Up until six months ago, 20-year-old Tish felt like a criminal.
He faced long-term prison time in India because he was an out and proud gay man, but then his life changed.
Gay sex was decriminalised by the Indian Supreme Court on 6 September 2018.
It overturned a 2013 judgement that upheld a 157-year-old law dating back to British rule.
There were celebrations across India when the ruling came through but Tish was crying - because he'd just split up with his boyfriend.
"But then I remembered I was no longer a criminal," he tells Radio 1 Newsbeat, laughing.
"I always felt caged and restricted within my soul."
Tish says more cafes and bars in Delhi have become LGBT-friendly by putting up rainbow flags - but that doesn't necessarily mean the public have changed their attitudes.
"India should create a space where I'd actually be able to make my family understand that it's normal," he explains.
He says he hopes eventually he'll not always feel "caged" and be able "to take pride to go out as who I actually am - and not as a person who should stay in the closet because I already spent a lot of time being fabulous there."
Tish regularly parties at gay club Kitty Su but says he's sometimes nervous when he leaves the venue as homophobic people know "what we are" so could attack him in surrounding streets.
The club is owned by by Keeshav Suri - a prominent gay businessman - who was one of the the Supreme Court petitioners that helped change section 377, the colonial-era law.
"I was in a position where I had to acknowledge my privilege and bring this conversation to policy makers," Keeshav tells Newsbeat.
"It hasn't fixed everything. It will take time as it's a very small step in a much larger fight for equality."
Keeshav says as well as changing society, the law also has economic benefits because of LGBT tourism.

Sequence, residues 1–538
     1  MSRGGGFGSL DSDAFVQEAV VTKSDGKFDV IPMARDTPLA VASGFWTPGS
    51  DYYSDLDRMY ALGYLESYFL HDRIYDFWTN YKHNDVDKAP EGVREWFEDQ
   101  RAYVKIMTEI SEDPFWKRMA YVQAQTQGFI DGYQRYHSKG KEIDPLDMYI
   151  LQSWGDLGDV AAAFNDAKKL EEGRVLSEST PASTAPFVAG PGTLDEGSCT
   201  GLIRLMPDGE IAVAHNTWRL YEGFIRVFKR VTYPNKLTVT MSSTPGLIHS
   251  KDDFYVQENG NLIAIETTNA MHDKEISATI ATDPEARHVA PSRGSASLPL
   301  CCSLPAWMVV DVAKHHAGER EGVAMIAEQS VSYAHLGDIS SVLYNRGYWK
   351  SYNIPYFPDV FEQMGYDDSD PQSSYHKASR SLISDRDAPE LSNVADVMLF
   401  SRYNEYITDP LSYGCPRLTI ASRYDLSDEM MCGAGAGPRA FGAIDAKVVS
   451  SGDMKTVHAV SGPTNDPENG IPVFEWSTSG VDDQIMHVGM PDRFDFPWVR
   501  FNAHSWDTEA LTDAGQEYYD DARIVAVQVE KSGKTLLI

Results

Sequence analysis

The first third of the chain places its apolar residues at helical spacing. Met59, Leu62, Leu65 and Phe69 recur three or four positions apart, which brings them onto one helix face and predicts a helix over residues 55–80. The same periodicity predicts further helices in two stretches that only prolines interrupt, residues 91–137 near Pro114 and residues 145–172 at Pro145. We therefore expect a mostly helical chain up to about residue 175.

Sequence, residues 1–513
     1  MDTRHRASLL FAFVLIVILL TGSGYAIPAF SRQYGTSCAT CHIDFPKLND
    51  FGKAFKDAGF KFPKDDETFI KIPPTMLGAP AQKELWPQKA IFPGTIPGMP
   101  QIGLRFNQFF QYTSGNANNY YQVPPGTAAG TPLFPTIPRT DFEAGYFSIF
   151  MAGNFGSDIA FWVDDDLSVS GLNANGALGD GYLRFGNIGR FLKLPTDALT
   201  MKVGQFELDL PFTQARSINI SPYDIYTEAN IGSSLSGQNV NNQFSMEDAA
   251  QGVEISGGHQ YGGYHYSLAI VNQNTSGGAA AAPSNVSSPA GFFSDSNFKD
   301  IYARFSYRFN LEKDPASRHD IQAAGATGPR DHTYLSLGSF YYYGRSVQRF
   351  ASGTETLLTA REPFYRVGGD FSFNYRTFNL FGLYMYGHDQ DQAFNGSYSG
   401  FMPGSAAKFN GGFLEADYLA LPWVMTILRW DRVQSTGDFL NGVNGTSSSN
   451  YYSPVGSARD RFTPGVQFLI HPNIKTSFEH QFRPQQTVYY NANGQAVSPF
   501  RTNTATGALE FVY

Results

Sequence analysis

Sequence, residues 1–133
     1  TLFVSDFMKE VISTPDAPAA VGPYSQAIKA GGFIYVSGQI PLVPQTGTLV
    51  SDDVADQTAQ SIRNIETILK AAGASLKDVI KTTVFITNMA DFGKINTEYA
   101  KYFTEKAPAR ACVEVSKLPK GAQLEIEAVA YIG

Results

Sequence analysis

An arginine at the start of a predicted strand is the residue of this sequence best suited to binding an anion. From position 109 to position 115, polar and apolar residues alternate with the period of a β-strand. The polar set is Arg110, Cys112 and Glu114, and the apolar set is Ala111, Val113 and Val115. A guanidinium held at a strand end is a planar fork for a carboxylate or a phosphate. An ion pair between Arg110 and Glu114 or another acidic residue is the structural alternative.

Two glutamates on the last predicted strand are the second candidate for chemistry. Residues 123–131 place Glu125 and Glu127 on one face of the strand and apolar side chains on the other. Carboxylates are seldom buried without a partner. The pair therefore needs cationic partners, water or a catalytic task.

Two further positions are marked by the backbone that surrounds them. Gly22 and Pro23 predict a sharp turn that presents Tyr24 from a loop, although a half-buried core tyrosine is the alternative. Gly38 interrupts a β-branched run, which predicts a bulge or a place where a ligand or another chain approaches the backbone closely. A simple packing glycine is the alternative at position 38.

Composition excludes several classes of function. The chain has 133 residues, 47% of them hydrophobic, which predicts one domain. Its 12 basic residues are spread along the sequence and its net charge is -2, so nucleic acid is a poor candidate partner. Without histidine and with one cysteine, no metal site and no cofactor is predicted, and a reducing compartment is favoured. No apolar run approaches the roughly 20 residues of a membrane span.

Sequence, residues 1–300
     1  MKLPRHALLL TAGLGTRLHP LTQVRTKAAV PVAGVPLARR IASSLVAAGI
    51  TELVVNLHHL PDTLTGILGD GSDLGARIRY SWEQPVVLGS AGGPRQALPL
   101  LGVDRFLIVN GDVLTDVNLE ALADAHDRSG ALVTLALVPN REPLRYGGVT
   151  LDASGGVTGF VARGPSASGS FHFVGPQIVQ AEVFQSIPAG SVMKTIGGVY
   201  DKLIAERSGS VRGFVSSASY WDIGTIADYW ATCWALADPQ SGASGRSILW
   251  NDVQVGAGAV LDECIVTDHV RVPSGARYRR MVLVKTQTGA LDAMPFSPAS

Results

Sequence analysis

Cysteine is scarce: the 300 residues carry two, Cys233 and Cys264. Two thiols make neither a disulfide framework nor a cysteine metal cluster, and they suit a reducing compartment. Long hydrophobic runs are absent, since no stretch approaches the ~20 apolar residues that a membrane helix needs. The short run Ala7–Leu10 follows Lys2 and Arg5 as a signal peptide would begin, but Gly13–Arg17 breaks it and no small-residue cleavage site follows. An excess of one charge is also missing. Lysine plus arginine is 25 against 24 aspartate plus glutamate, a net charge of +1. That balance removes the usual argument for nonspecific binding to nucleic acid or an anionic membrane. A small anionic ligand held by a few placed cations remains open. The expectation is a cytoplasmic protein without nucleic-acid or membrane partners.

He says in the past six months that's changed - and not just with international visitors.
"Recently an Indian couple stayed who said for the first time they went to reception and said 'We're a couple and we don't want a twin bed, we want a king size bed.'
"They said: 'We're here as a couple and we want to be recognised as a couple.'"
Despite those small steps, there's "still a need for acceptance", one of India's top LGBT organisations believes.
"Many people still have the mentality that homosexuality is wrong," says Kiran Bobby from the Naz Foundation.
Section 377 ruled that gay sex was an "unnatural offence", but the court ruled discrimination on the basis of sexual orientation is a fundamental violation of rights.
"We're still fighting for our rights," Kiran tells Newsbeat.
She, like many members of India's LGBT community, believes there's still a long way to go for representation in the country.
"We need marriage rights, we need rights to adopt."
The change in law does mean "many lesbian and gay people are starting to disclose their sexuality to their parents", Kiran explains.
"But there's a double standard. Some people will accept having LGBT friends but they won't accept their relatives who come out."
Last year a Thomson Reuters Foundation survey ranked India as the world's most dangerous country for women, coming out worst for sexual violence.
Kiran says it can be dangerous to be transgender in India's capital and won't always attend celebrations, or visit certain areas.
"Five boys tried to pull me into a car on New Year's Eve," she explains.
"I think they were trying to rape me but I pushed the door open and ran away.
"It really scared me."